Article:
ASH Statement on Executive Order to Suspend Work Visas
Latest restriction on immigration will harm health care workforce, curtail medical research and practice, and hinder economic recovery
(WASHINGTON, June 24, 2020) — President Trump recently signed an executive order suspending immigration visas for the rest of the year. The order halts the issuance of new visas, including H-1B visas and some J-1 visas, but does not affect current visas or renewals.
In response to the order, ASH President Stephanie Lee, MD, MPH, of Fred Hutchinson Cancer Research Center issued the following statement:
“We are concerned and disappointed by the suspension of immigration of skilled workers to the United States. The health of our nation relies on a diverse group of professionals who bring unique experiences, expertise, and skills to medical research and patient care. This order will limit our ability to attract talented researchers and practitioners from other countries, not only hindering our present and future health care workforce, but also slowing biomedical research progress and harming public health.
We feel it is especially irresponsible now, during the unprecedented COVID-19 pandemic, to endanger our research enterprise and health care services by closing our borders to skilled medical workers. While the executive order exempts health care professionals involved in COVID-19 care or research, it makes no such exemption for health care workers involved in treating and researching other serious diseases and life-threatening conditions such as heart attacks, cancer, and blood disorders.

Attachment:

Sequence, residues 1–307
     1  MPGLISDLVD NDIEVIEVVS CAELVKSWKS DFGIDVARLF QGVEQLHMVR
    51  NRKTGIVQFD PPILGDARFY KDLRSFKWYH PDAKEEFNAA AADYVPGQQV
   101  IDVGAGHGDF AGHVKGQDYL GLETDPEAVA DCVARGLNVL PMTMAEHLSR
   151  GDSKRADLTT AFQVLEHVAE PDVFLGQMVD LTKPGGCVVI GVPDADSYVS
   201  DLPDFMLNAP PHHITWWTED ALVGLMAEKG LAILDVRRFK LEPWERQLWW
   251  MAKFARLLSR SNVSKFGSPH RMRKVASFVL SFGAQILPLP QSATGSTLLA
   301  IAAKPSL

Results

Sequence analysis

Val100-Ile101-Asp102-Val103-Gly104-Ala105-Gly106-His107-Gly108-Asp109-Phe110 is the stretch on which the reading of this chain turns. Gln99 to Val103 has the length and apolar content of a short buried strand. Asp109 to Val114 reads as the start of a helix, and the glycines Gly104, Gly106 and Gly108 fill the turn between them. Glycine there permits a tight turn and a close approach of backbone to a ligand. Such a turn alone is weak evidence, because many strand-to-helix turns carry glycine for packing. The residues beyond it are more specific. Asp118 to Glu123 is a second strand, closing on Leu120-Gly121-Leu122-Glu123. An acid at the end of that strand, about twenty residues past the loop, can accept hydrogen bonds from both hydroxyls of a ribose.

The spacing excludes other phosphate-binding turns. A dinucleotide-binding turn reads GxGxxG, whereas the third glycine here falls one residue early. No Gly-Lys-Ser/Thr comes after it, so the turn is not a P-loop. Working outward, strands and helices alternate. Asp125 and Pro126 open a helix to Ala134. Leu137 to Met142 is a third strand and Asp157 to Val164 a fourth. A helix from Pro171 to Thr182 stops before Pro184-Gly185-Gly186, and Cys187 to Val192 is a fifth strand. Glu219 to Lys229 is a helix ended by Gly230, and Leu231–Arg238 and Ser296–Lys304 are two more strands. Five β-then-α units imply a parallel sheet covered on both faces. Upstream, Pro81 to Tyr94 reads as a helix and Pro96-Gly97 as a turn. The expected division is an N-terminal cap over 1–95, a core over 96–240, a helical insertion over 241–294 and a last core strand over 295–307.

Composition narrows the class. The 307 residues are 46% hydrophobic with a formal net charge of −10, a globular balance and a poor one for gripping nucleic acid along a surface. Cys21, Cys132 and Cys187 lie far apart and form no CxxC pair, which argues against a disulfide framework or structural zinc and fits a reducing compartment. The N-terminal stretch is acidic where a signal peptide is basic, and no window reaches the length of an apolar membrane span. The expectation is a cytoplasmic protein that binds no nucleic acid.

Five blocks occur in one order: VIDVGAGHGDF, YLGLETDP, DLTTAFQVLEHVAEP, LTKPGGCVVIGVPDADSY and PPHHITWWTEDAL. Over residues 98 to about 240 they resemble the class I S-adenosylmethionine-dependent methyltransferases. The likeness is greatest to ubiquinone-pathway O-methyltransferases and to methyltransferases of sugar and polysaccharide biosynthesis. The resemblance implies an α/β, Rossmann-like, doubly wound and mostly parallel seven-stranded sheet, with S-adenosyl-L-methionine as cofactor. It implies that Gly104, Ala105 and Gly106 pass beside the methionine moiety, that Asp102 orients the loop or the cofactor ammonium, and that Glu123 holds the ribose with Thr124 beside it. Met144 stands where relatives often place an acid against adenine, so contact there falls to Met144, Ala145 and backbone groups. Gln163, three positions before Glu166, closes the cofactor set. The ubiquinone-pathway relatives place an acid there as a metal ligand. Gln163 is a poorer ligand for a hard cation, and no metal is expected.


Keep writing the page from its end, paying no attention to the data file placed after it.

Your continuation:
The executive order also threatens economic stability. Biomedical research creates billions of dollars in national economic output each year. Researchers from other countries play a vital role in that economic success; nearly one-third of the U.S.-trained academic workforce in science and engineering is born outside of the United States, according to a National Science Board report. Research has laid the foundation for the development of many cutting-edge treatments that have decreased the costly burden of illness in the United States and saved lives. By preventing some of the world’s greatest minds from participating in U.S. biomedical research, we will hamper our national economic progress.
We urge the Administration to consider the harmful effects of its executive order on our national public health and our economic stability.”
The Society has previously issued statements in opposition to U.S. immigration restriction efforts, most recently in February 2017, March 2017, and June 2018, and continues to reaffirm its support for a global scientific and medical community.
The American Society of Hematology (ASH) (www.hematology.org) is the world’s largest professional society of hematologists dedicated to furthering the understanding, diagnosis, treatment, and prevention of disorders affecting the blood. For more than 60 years, the Society has led the development of hematology as a discipline by promoting research, patient care, education, training, and advocacy in hematology. ASH publishes Blood (www.bloodjournal.org), the most cited peer-reviewed publication in the field, and Blood Advances (www.bloodadvances.org), an online, peer-reviewed open-access journal.
Leah Enser, American Society of Hematology
[email protected]; 202-552-4927